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Title: Fishery sustainability and welfare of the edible crab, Cancer pagurus
Author: McCambridge, Claire
ISNI:       0000 0004 6057 1948
Awarding Body: Queen's University Belfast
Current Institution: Queen's University Belfast
Date of Award: 2016
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Manual declawing of Cancer pagurus before return to the sea and during storage aboard fishing vessels has been legal in Northern Ireland (NI) since the revocation in 2000 of the Crab Claws (Prohibition of Landing) Order (1986). However, the paucity of objective data on this fishery practice has raised concerns for the sustainability and welfare of C. pagurus. Feeding ability of edible crabs was examined by either inducing autotomy or manual declawing of a walking leg, one or both chelae, before crabs were offered prey items. Crabs were offered mussels, Mytilis edulis, to assess if having one or no chelae results in a reduced ability to feed on hard shelled prey for which its crushing chelae are adapted. Crabs that had a walking leg removed ate significantly more mussel mass than crabs that had one or two claws removed, with no difference between crabs that had one claw or two claws removed. This suggests that induced autotomy and manual declawing of C. pagurus has a detrimental effect on the ability of crabs to feed on readily available prey, and that other feeding opportunities must be found The physiological stress response to manual declawing of both claws, in males and females, was assessed by extracting lactate over 24 hours following claw removal. All manually declawed crabs died within 14 days, whereas all others survived for +23 days. Lactate concentrations in crabs that had both claws manually declawed increased significantly, compared to autotomized and intact crabs, and remained high for 24 hours. Thus, manual double declawing results in a prolonged stress response and high crab mortality, leading to the recommendation to cease this practice, or perhaps develop induced autotomy techniques as a more sustainable fishery practice. Fighting ability during contests for resources (female and a shelter) was investigated in crabs that had either 1 claw manually declawed, 1 claw autotomized or the crab remained intact. Contests involved an intact crab and an autotomized crab, or an intact crab and a manually declawed crab. Intact and autotomized crabs were motivated to fight for the female and won more contests than the manually declawed crabs. Manually declawed crabs displayed more submissive and defensive behaviour than the other crabs and were less motivated to fight for the female. More manually declawed crabs competed for and won the shelter than intact and autotomized crabs. The findings of these experiments provide an insight into realistic scenarios facing manually declawed crabs once returned to the sea, and raise serious concerns regarding sustainability and animal welfare.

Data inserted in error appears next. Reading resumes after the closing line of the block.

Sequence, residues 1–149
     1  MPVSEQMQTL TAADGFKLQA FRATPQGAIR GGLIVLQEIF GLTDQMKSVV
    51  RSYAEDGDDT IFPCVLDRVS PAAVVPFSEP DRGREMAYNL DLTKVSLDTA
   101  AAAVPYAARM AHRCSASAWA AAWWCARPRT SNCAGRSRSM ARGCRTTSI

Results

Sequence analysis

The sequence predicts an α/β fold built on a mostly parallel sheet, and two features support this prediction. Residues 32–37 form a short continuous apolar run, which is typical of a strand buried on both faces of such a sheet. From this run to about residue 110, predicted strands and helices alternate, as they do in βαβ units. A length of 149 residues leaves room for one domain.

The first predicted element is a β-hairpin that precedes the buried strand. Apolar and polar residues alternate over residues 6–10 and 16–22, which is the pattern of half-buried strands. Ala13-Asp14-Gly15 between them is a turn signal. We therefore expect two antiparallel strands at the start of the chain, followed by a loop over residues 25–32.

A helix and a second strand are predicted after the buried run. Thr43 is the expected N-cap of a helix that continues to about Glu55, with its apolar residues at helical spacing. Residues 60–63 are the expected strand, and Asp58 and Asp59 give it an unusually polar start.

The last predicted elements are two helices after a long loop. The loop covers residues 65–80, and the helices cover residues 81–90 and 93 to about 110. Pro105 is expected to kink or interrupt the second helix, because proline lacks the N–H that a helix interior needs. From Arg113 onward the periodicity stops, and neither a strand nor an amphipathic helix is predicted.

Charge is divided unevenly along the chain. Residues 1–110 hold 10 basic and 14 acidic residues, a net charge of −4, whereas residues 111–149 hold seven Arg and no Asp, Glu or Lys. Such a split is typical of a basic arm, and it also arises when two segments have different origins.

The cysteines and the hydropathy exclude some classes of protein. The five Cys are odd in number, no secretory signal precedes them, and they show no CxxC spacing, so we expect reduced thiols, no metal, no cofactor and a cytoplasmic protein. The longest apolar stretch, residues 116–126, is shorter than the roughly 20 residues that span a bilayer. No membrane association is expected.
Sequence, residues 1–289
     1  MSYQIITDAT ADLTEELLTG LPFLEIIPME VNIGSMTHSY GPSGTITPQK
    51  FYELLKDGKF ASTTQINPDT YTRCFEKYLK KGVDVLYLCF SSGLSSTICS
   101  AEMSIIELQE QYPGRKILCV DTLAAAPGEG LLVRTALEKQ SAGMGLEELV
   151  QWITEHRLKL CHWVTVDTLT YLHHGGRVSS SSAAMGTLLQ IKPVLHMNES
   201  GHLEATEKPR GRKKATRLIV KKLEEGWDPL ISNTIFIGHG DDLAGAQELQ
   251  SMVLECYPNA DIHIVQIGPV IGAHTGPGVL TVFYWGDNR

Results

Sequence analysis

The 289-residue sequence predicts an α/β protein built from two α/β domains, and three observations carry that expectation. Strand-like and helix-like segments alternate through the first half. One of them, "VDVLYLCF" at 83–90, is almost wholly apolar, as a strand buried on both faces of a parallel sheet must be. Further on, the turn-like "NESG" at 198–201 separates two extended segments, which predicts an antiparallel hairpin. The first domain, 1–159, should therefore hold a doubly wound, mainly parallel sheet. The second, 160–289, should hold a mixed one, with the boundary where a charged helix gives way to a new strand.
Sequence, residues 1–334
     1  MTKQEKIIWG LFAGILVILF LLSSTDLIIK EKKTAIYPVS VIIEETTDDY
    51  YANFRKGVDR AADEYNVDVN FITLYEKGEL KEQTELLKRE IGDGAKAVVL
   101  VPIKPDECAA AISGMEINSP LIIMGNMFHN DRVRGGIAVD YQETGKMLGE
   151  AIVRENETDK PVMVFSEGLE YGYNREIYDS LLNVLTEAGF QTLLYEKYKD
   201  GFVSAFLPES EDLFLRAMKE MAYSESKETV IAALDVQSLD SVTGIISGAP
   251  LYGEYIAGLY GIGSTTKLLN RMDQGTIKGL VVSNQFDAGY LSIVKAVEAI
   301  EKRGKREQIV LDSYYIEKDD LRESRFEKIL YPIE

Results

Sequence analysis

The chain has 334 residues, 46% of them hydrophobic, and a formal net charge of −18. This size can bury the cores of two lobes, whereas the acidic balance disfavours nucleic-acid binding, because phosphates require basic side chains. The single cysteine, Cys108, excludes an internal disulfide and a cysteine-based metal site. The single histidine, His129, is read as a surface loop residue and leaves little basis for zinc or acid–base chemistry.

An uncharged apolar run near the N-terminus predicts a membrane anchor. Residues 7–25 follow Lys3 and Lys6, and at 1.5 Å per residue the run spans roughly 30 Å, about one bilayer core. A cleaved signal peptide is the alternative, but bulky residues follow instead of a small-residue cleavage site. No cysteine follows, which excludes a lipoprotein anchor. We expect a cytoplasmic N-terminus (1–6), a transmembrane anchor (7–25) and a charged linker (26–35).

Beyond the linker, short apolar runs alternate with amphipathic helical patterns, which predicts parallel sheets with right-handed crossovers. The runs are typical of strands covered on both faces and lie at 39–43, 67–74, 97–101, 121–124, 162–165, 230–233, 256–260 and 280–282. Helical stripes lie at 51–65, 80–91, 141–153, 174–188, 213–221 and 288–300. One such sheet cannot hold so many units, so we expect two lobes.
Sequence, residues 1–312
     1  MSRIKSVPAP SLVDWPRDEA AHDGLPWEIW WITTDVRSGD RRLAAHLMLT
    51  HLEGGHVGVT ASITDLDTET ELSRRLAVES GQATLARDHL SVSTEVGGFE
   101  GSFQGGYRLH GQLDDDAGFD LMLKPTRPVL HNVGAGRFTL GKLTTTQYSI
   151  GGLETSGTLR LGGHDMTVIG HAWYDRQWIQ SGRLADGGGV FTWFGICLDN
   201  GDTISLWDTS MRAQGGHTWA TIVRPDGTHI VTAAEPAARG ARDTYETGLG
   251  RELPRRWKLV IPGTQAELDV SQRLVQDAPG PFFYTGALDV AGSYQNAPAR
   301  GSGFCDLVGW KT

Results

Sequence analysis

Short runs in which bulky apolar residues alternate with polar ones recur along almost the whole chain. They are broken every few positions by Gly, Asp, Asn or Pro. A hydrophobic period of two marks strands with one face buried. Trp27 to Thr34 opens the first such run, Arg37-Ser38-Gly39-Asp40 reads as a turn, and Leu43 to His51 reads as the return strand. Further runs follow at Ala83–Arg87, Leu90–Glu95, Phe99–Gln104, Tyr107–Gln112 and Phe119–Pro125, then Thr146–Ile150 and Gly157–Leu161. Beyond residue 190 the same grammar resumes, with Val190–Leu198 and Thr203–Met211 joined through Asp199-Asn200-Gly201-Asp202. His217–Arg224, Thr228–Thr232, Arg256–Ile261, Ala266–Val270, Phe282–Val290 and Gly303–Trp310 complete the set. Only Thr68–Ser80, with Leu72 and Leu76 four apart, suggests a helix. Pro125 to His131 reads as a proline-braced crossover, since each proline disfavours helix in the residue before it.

Supervisor: Dick, Jaimie ; Elwood, Robert Sponsor: Not available
Qualification Name: Thesis (Ph.D.) Qualification Level: Doctoral
EThOS ID:  DOI: Not available